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Strategic Voting and Coalitions: Condorcet’s Paradox and What it Means for Commercialization

Condorcet's Paradox and CommercializationYou may ask yourself, what is Condorcet’s Paradox and how might it apply to pharmaceutical distribution? First, a background on the paradox: Condorcet was an 18th century French mathematician. He looked at the effect that three equal voting blocks had on the outcome of elections. The best way to visualize his paradox is with the following Soviet era joke:

God comes to Moscow in 1930 and says to the people: “I will give each of you a choice of three blessings in life, but you can only have two out of the three. You can be an honest person, you can be a smart person, or you can be a member of the Communist Party. If you are smart and honest, then you cannot be a communist. If you are a smart communist, then you cannot be honest. And if you are an honest communist, then obviously, you must not be very smart.”1

An extensive treatment of this paradox is available on the web. The point of mentioning it here is to highlight the immobilizing effect it can have when it occurs within the context of pharmaceutical commercialization.

The typical “trilemma” follows:

  • The product requires strict 2-8°C or 20-25°C storage conditions.
  • The cost of the protective packaging cannot exceed $2 per unit dose shipped.
  • The logistics cannot deliver the product in less than three days.

In some companies, this trilemma repeats itself with the introduction of every product. It pits the areas of development against those of regulatory, against the operations components of the company. There is no way out of the trilemma unless a tech transfer strategy can be established from late stage development to commercialization. It requires that one of the three positions support one of the other two in order to resolve the trilemma. It does not necessarily mean that the same resolution be applied to all projects.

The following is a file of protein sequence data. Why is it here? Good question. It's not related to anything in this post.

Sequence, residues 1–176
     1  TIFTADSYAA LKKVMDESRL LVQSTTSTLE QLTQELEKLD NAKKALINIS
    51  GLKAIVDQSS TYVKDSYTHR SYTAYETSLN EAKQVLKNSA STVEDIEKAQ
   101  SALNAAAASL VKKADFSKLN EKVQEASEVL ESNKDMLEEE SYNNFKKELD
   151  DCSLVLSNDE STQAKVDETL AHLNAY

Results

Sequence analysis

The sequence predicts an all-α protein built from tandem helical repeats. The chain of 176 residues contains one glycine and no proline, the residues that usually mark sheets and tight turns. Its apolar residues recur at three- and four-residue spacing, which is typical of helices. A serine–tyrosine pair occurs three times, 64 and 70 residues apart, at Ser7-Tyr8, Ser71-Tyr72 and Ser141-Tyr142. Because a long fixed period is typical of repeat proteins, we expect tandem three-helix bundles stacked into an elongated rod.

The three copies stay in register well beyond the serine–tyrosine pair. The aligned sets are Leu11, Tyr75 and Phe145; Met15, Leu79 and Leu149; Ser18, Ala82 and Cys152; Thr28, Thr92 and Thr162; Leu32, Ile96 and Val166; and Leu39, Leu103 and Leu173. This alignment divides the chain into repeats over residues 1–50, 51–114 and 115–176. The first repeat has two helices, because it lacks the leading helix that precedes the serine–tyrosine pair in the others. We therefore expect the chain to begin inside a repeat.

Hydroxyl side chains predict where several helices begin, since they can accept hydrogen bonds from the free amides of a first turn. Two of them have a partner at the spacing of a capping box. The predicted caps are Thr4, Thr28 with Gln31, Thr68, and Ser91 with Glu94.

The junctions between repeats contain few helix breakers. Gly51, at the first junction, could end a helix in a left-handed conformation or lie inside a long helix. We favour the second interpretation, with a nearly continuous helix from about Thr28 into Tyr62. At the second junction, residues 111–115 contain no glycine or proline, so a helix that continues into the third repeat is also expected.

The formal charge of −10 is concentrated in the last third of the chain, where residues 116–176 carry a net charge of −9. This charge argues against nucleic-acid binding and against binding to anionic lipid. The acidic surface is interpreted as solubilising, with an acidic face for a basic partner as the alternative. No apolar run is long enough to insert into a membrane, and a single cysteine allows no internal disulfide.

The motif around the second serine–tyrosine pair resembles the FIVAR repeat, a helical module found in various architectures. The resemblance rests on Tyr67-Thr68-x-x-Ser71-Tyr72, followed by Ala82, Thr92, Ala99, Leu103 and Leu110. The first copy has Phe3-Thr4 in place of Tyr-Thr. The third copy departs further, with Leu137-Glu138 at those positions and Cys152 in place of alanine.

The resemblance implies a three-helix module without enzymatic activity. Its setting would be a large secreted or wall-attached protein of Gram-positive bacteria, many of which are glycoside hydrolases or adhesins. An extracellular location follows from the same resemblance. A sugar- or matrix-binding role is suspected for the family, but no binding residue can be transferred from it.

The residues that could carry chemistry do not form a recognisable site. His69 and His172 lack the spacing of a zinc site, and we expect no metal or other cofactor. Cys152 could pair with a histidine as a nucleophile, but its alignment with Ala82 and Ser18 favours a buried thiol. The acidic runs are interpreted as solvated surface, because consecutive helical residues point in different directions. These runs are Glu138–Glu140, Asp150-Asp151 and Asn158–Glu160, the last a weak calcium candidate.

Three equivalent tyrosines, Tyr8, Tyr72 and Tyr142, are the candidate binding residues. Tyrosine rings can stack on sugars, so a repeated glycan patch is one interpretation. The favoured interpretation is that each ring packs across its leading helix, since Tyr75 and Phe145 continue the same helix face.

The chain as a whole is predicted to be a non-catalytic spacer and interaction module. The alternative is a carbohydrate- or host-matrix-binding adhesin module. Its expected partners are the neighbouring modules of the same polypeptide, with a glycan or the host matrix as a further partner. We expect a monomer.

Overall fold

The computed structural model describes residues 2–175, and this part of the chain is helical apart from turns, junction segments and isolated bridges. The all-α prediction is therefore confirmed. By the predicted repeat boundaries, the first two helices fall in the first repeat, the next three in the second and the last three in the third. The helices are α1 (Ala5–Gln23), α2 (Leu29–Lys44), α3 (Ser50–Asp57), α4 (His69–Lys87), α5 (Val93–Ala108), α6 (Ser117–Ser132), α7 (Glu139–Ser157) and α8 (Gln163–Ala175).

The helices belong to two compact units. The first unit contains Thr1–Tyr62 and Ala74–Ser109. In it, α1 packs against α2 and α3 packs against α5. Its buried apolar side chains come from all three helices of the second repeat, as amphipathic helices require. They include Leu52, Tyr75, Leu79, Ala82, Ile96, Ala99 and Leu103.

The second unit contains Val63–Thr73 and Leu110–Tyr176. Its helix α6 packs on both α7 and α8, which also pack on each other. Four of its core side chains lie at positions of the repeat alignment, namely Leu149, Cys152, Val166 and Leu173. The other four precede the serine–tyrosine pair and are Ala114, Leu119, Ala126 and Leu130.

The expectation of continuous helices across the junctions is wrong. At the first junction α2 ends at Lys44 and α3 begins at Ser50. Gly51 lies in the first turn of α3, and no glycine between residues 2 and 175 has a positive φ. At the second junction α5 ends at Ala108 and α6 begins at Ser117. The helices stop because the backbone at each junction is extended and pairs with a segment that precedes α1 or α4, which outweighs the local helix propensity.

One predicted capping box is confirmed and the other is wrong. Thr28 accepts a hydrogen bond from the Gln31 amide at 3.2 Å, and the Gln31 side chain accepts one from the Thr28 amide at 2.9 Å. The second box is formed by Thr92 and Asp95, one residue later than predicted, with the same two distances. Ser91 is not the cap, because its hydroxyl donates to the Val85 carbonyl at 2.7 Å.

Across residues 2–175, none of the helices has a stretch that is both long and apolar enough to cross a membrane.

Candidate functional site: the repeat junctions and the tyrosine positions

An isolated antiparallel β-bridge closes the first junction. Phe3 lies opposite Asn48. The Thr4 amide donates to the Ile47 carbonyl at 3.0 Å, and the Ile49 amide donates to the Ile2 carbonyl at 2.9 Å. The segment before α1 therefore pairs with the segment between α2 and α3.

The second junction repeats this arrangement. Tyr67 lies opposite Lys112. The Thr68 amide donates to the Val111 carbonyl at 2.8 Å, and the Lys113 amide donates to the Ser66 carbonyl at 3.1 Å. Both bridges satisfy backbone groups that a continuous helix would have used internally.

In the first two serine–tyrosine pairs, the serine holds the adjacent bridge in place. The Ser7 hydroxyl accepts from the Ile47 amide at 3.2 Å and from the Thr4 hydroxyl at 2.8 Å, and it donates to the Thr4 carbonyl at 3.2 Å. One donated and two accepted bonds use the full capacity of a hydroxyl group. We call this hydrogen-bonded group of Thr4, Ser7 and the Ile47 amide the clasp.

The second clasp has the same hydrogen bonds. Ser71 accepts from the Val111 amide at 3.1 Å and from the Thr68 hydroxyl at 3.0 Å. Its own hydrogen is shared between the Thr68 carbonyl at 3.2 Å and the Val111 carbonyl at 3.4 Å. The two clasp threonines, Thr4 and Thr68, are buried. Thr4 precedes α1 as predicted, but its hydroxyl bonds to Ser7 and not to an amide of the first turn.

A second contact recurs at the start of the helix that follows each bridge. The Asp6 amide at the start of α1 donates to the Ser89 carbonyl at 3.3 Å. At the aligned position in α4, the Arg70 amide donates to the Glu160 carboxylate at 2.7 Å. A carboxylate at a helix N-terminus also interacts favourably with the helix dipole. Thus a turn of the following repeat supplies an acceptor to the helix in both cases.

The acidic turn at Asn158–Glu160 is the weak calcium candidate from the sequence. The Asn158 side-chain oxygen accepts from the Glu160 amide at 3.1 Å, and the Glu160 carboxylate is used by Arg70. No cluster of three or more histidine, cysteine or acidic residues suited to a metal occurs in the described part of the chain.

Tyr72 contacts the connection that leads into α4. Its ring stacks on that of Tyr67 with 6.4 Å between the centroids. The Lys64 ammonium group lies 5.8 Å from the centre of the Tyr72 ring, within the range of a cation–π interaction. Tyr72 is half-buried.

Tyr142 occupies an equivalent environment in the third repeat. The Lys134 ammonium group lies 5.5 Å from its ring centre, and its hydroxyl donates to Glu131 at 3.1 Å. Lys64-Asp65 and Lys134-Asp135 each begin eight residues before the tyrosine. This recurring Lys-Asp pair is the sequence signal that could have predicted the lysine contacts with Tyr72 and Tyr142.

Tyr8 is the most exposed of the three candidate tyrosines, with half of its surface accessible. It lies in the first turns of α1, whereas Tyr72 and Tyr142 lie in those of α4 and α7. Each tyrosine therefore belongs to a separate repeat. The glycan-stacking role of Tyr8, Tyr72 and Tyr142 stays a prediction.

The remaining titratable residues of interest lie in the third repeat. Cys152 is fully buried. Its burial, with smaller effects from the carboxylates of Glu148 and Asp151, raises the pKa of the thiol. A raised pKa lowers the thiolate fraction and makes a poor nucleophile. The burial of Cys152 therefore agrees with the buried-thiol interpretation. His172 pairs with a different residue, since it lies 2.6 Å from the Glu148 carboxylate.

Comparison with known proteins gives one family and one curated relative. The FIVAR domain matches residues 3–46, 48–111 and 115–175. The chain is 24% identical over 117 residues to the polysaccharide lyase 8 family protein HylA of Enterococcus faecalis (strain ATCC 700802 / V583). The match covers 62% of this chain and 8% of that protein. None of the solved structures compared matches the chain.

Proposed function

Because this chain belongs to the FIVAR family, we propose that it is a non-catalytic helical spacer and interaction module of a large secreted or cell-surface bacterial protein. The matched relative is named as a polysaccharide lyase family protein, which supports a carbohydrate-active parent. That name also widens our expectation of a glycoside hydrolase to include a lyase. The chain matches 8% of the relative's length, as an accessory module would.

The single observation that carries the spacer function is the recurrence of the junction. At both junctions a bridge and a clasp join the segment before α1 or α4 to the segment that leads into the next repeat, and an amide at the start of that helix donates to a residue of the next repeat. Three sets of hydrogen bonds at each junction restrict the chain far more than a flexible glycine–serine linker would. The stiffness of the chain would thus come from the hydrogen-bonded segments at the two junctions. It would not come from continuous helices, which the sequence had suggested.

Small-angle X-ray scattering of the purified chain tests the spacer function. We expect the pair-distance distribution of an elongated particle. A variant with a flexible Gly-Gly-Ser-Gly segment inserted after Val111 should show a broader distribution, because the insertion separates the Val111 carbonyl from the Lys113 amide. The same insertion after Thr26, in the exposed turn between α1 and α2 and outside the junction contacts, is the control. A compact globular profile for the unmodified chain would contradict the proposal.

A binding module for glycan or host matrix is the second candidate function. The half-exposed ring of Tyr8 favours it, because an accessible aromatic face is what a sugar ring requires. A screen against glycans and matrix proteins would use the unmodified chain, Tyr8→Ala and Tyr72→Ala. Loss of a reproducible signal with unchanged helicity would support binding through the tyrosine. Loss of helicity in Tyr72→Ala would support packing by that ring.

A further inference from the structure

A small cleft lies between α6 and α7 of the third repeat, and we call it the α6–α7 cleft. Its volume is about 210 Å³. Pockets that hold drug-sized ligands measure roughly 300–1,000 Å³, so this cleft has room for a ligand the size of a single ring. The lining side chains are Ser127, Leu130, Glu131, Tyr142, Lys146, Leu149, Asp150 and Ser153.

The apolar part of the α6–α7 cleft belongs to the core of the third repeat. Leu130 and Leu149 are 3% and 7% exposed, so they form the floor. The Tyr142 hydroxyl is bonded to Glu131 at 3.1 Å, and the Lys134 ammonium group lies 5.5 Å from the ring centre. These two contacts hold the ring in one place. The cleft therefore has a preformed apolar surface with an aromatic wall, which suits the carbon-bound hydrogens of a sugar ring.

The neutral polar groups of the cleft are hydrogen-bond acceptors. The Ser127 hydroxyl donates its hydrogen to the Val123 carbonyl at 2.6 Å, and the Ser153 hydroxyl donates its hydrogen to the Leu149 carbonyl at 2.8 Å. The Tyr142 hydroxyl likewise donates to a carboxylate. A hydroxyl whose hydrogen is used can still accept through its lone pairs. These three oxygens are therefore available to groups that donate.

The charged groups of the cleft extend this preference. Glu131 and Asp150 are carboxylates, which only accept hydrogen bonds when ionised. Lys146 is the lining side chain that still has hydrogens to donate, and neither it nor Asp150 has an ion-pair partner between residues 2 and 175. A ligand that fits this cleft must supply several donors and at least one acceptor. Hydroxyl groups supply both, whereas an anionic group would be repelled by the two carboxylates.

• Thermally sensitive product may indeed require strict adherence to storage conditions.
  • Acceptable product margins may be eroded with high-cost packaging.
  • Supply chain logistics may require an extended time to clear import/export.

How these competing requirements can be resolved is something that should be facilitated with early discussions, specifically looking at Phase IIb as the ideal time to identify a scalable commercialization strategy.


Modality SolutionsFormed in 2011, Modality Solutions immediately began the design and construction of a Transport Simulation Laboratory. This laboratory employs a custom interface to expose a variety of pharmaceutical products to rigors of the transport environment in a controlled setting. The samples in the lab can literally experience transport around the world without leaving the controlled setting of the facility at BioConvergence. In addition, Modality offers a wide range of consulting capabilities. From leading the RFQ process for clients wanting to implement compliant passive packaging systems, to qualifying critical active and passive systems, Modality provides specific and targeted capabilities to complement their clients’ in-house staff.

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Paul Harber
After a 30-year career with Eli Lilly and Company, Paul became a founding member of Modality Solutions LLC and is now engaged in assisting companies that seek to establish and improve internal methods, practices to meet regulatory requirements related to distribution of high risk-high value drug substance, drug product and devices. Modality Solutions LLC is an alliance partner with BioConvergence and operates a transport simulation laboratory located on site.